When O'Connor wrote to President Nixon in 1971 on the subject of the two Supreme Court nominations he had before him, it was merely “to encourage [him] to consider” for appointment “one of the well-qualified women lawyers in our country today.” But
she hastened to reassure him that she was “confident that [his] selections will be well-considered and wise.” After all, “Chief Justice Warren Burger has already proven himself to the American people to have been a splendid choice.” (Unknown to O'Connor, Burger had made his opposition to a female nomination clear to the president, threatening to resign if the president polluted the Court with a woman.)

O'Connor may have read the
articles on What Women Want, but she turned down the page corner at the piece that catalogued the laws at every level of American government that treated women differently. The Equal Rights Amendment–fueled attack on the web of legal discrimination against women suited her perfectly. Exactly like Ginsburg at her feminist awakening, O'Connor began creating a hit list of such laws in her case in the state she was helping to govern and set about having them changed.

The first task was a no-brainer: repeal the state law limiting women to an eight-hour workday. Here, the Republican legislator's conservative free-market principles and her commitment to women's equality overlapped perfectly. (She did not know that Ginsburg always saw protections such as the eight-hour-day law as an excuse to keep women out of better jobs.) As at the ACLU, the forces of liberalism were divided on whether it was more important to make women equal—by letting them work the same hours as men—or to protect them. The liberals for protection—unions, liberal Democrats—were against O'Connor in the Arizona legislature. Even though these forces of liberalism were receding in Arizona by then, she prevailed by only a single vote.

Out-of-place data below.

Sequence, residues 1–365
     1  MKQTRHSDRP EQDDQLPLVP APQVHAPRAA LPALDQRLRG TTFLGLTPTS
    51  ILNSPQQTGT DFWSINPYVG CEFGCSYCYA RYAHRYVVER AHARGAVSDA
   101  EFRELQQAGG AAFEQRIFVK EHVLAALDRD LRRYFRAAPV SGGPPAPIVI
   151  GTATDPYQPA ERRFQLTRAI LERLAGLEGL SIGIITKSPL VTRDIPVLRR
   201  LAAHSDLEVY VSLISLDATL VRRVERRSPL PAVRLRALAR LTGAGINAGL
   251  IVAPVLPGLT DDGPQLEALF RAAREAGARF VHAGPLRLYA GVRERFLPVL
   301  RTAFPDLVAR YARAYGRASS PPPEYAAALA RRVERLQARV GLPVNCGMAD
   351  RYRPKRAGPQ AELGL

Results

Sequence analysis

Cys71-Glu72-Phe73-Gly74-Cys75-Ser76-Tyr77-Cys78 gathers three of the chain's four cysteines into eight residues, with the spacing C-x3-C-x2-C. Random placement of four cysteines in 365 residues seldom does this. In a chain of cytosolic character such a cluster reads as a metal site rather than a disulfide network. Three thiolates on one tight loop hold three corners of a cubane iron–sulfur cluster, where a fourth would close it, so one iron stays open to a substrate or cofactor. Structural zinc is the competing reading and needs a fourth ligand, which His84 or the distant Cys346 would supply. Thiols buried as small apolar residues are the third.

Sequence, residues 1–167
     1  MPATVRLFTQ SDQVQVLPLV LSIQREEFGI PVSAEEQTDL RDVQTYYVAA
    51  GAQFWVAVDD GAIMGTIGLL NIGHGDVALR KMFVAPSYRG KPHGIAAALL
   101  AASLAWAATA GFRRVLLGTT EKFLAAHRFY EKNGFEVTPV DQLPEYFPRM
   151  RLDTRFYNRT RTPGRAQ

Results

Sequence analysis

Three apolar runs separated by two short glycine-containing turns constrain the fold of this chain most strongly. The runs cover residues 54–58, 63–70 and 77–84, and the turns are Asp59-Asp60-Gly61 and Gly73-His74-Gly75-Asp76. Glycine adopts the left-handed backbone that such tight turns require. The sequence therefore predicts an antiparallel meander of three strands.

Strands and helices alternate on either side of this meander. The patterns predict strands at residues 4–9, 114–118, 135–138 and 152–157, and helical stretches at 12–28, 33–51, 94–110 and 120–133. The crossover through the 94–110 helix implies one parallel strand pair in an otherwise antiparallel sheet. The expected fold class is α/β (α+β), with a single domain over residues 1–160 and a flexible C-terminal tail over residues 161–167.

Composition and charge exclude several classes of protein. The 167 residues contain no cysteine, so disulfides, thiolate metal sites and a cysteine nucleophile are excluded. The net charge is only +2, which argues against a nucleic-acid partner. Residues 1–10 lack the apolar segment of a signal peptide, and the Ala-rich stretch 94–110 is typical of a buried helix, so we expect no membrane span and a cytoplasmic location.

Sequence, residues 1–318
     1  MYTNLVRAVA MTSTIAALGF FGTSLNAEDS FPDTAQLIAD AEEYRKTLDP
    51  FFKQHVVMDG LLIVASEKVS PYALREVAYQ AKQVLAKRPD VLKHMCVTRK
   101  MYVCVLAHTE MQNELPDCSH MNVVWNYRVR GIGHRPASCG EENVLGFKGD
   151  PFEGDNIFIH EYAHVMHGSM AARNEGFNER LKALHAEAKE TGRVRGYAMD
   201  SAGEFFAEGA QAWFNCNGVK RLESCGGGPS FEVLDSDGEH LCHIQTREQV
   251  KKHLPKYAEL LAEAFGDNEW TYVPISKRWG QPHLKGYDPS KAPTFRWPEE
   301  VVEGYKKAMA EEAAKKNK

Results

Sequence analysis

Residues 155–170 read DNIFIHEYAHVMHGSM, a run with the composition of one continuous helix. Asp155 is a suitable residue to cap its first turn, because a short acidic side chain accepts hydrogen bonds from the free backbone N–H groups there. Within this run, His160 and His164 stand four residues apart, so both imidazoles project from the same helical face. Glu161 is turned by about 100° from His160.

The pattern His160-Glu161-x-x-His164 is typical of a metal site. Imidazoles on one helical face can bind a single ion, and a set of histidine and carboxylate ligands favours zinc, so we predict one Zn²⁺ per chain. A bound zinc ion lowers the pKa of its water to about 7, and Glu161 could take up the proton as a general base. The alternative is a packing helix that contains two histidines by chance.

The Equal Rights Amendment, then being heard by the U.S. Senate Judiciary Committee, would have struck down all state laws that discriminated on the basis of sex. But despite her later claims to support the equality measure, she initially told students at ASU, “I'm not sure the equal rights amendment is necessary. I am inclined to believe that a few well-chosen cases brought before the federal courts would establish the equality of women under the equal protection clause of the Fourteenth Amendment, and the civil rights act, in a meaningful way.”

Thousands of miles away, of course, Ruth Bader Ginsburg was pounding on Mel Wulf to let her in on the first well-chosen case. In any event, O'Connor had another idea about how to make the world a better place for women. If women wanted the world to change, she advised the students, they would have to use their electoral power more wisely and run for public office. She thought social change should come from the bottom up. And she thought the presence of women in public life—working hard and asking no favors—would change the society like nothing else.